Or you can make your own browser (like the safe network has) and use it with a growing community.

It really depends on your use case.

@Daniel-Abrecht

This comment has been minimized.

Copy link
Author

commented Oct 6, 2018

I'm not entirely sure I understand what you are trying to tell me.

The URIs to the resources may be used by any program. But not every program will support every URI scheme. If I want things to be accessible to everyone, and assuming not every developer uses the same implementation to access solid pods, I can't ensure everyone can access the resources with every program if I don't use a URI scheme as widely supported as http. Is that the point?

It seams using http for URIs is the only viable solution to not exclude anyone or anything who may want to access any of my resources, since getting any other protocol/URI schema as widely supported probably won't be possible.

So that would only leave extending the DNS infrastructure as an option, except if the URI schemes that should be supported at a minimum won't get specified, for which figuring out which ones that are would be necessary first.

@kjetilk

This comment has been minimized.

Copy link
Contributor

commented Oct 22, 2018

for further discussion of .solid, see #201

@elf-pavlik

This comment has been minimized.

Copy link
Member

commented Oct 30, 2018

you might find this effort relevant https://w3c-ccg.github.io/did-spec/

Decentralized Identifiers (DIDs) are a new type of identifier for verifiable, "self-sovereign" digital identity. DIDs are fully under the control of the DID subject, independent from any centralized registry, identity provider, or certificate authority. DIDs are URLs that relate a DID subject to means for trustable interactions with that subject. DIDs resolve to DID Documents — simple documents that describe how to use that specific DID. Each DID Document contains at least three things: cryptographic material, authentication suites, and service endpoints. Cryptographic material combined with authentication suites provide a set of mechanisms to authenticate as the DID subject (e.g., public keys, pseudonymous biometric protocols, etc.). Service endpoints enable trusted interactions with the DID subject.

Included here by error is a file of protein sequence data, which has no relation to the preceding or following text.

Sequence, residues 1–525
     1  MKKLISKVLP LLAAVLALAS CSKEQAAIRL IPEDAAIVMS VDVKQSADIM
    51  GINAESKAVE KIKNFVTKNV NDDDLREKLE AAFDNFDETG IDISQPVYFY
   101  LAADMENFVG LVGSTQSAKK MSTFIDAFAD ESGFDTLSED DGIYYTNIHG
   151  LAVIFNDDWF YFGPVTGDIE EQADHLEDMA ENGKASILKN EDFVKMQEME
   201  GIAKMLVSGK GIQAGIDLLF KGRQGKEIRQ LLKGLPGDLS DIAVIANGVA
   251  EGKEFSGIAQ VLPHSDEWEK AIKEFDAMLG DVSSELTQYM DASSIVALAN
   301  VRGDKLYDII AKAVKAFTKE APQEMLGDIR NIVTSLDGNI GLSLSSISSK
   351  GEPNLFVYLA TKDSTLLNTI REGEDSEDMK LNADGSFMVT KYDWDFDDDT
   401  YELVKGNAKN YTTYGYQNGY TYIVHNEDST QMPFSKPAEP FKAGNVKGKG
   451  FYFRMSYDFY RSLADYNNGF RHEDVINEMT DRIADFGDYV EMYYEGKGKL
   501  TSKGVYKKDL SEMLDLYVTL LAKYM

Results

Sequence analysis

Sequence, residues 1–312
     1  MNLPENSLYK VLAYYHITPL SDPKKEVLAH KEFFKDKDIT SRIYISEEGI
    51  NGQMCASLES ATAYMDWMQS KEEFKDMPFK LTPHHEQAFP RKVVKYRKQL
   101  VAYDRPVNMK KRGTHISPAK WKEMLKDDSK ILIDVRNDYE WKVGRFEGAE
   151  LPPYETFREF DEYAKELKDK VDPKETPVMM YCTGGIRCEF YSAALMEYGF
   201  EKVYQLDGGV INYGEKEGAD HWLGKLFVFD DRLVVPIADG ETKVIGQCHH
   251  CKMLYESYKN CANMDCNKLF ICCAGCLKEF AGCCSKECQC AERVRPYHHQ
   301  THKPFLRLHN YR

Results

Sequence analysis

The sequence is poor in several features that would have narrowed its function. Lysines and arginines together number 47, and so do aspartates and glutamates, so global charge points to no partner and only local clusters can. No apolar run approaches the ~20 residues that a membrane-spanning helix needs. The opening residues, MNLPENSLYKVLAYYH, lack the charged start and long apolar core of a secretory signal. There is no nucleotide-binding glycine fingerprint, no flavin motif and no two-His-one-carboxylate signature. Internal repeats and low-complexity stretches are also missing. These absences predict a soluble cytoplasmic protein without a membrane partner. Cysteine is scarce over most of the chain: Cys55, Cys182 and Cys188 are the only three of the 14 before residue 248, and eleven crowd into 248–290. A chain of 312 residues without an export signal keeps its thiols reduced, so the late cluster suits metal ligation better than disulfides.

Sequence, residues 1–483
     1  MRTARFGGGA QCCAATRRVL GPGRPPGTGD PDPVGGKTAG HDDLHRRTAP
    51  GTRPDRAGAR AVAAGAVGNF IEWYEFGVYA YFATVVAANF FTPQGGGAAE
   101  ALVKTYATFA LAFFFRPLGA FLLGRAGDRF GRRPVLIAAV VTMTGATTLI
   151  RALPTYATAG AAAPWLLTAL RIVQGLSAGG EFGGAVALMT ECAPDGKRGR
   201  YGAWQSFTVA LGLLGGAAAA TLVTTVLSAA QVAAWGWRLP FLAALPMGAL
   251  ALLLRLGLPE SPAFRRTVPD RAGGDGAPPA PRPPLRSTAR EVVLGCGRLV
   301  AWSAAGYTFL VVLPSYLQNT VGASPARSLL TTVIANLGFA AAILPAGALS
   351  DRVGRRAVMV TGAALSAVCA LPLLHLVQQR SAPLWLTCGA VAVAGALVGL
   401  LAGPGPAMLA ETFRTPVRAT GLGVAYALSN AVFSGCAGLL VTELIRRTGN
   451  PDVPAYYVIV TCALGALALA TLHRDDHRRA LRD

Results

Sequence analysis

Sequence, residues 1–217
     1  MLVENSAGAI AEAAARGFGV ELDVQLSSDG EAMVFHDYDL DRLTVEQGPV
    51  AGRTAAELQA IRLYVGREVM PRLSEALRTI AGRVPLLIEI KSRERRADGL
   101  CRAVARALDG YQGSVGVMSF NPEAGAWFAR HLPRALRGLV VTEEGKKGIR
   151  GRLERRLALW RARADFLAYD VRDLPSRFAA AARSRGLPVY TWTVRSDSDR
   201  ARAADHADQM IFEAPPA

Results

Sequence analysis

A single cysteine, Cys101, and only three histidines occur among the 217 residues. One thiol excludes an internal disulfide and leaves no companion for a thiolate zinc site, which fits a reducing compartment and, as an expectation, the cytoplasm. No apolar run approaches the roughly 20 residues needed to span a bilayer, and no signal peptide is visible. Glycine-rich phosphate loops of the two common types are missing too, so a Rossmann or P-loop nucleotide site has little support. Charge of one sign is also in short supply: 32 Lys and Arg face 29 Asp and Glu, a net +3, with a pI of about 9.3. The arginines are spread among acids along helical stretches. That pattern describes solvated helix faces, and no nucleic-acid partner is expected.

links to other relevant references: https://github.com/w3c-ccg/community/blob/master/work_items.md

@dmitrizagidulin

This comment has been minimized.

Copy link
Member

commented Oct 30, 2018

@elf-pavlik I see DIDs as basically a next generation of WebIDs. Definitely backwards-compatible, with only a little bit of effort. And with scope widened to not just HTTP, but also various blockchains/DLTs.

@Mitzi-Laszlo

This comment has been minimized.

Copy link
Contributor

commented Nov 6, 2018

@EGreg

This comment has been minimized.

Copy link

commented Nov 6, 2018

Agreed, DIDs seem like a generalization of WebIDs, as long as they are backwards-compatible it would make sense to incorporate DID standard.

Which projects are using DIDs at the moment?

@justinwb

This comment has been minimized.

Copy link

commented Nov 6, 2018

Closing this as a github issue - please track through the discourse discussion above moving forward.

@justinwb justinwb closed this Nov 6, 2018

Sign up for free to join this conversation on GitHub. Already have an account? Sign in to comment
You can’t perform that action at this time.